Sadly, it doesn’t have to be this way as what we find, instead, portrayed in Scripture is a community where each member of the Body of Christ helps shoulder the responsibility of mutually edifying one another.

Now I’m not claiming that such communities don’t exist within institutional church settings. On the contrary, I believe that the church is a living organism and as Dr. Ian Malcolm said in Jurassic Park, “life finds a way.” such that there are many pockets of small intimately connected believers that are found in many churches. However what I’m claiming is that those pockets of organic communities that exist within the confines of an institutional church often happen in spite of the system we’ve come to accept and not because of it.

When the main period of “worship” in most churches is seen as being the Sunday morning service (often referred to as “the big show”) the question is not whether members are allowed to employ their gifts at another time but whether they are encouraged to employ their gifts in the meeting on Sunday morning. Since most believers are not encouraged to participate openly I submit that the resulting system where only a few members of the body of Christ are allowed to speak or otherwise monopolize the meeting implicitly implies that the members who are not allowed to participate (think about what would happen if someone were to have a “word of prophecy” and decide to share it in the average Southern Baptist Church) are somehow inferior.

Until we come to terms with the lack of open participation and mutual edification found in most of our churches I do not think we will see anything other than more of the same when it comes to the church’s impact on the world around us.

One must also wonder why we are so reluctant to change as well considering that we regularly hear tales from missionaries and brethren in churches overseas which lack the streamlined hierarchical leadership structure we see here (think Korea, China, South America, etc.) exploding with new believers and a spiritual maturity that ought to make us hang our heads in shame.

So, the clergy/laity split is detrimental in at least 2 ways: 1.) it harms the spiritual growth of the “average” Christian and 2.) it leads to clergy burnout. And the opposite to the clergy/laity split I’ll call the open participatory format is supported by 1.) Scripture as well as 2.) our own experience of demonstrable spiritual vitality in places that do not cling to a clergy/laity distinction/split.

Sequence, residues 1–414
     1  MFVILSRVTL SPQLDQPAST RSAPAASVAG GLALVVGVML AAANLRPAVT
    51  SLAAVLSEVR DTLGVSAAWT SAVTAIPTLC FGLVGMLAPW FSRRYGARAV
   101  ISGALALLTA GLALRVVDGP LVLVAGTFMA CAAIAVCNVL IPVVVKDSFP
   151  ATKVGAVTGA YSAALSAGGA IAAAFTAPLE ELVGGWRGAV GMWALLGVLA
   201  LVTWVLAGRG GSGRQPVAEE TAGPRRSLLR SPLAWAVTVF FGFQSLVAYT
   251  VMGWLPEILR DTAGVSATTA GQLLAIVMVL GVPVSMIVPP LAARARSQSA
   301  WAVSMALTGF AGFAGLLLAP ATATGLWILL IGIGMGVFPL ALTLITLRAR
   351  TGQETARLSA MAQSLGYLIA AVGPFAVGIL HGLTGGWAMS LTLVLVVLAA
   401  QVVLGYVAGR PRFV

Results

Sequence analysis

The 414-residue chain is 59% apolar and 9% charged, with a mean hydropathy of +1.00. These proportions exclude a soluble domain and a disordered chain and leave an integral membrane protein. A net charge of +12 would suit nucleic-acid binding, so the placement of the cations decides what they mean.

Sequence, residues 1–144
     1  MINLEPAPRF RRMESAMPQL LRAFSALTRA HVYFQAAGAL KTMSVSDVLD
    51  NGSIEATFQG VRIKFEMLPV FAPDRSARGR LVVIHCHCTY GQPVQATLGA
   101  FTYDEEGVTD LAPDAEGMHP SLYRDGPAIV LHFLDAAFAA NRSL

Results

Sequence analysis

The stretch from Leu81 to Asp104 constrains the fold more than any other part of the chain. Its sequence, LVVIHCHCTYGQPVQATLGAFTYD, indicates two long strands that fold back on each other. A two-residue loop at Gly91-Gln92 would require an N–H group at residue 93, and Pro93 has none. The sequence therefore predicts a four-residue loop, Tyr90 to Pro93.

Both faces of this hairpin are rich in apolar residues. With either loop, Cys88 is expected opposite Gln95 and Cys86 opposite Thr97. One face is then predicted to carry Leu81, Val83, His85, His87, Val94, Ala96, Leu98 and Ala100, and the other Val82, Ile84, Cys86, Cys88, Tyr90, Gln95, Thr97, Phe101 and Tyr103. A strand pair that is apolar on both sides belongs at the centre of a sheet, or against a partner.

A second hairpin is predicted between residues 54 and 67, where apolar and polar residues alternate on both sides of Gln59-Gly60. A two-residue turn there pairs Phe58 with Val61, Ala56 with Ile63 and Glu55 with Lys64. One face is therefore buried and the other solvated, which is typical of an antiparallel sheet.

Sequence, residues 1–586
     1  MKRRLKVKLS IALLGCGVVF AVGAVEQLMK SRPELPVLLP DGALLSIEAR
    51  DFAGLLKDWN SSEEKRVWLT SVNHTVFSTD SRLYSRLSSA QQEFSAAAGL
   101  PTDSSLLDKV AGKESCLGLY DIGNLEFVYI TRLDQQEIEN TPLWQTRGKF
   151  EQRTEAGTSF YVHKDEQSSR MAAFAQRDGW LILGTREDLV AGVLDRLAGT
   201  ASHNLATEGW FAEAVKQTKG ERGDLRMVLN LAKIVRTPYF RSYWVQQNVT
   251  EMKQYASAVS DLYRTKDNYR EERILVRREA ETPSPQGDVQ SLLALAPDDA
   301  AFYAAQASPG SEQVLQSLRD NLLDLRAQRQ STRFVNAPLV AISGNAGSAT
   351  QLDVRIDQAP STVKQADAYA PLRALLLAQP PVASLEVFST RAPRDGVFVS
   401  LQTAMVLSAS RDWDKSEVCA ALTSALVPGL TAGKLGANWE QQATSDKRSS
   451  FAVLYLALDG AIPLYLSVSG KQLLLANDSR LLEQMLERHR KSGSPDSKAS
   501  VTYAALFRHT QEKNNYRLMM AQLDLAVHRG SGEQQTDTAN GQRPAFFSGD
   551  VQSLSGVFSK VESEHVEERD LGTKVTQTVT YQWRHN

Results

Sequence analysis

Doing Church

One of the more interesting questions my wife and I get these days is “so, where do you go to church?”. This question is especially interesting when the person asking knows the depth of commitment we have to Christ and many expect the pat answer of “we attend such and such Baptist or Presbyterian” or, at the very least, “we are still ‘shopping'”1

Instead, our answer is that we attend a simple church2 which meets in the homes of the various participants. Since many people are unfamiliar with any ecclesiology outside  of one which confuses a building with an organization and programs with the church, the response we often get is probably the same as if we were to say that we participated in some bizarre cult3.

The truth, however, is that we’ve been meeting with a group of around 15-20 other believers for the past few months and have thoroughly enjoyed every minute of it. Even though our children often pose a difficulty in terms of logistics, we’ve found the common fears and objections most often raised against house churches to be completely vacant, at least in the one we are currently blessed to be a part of.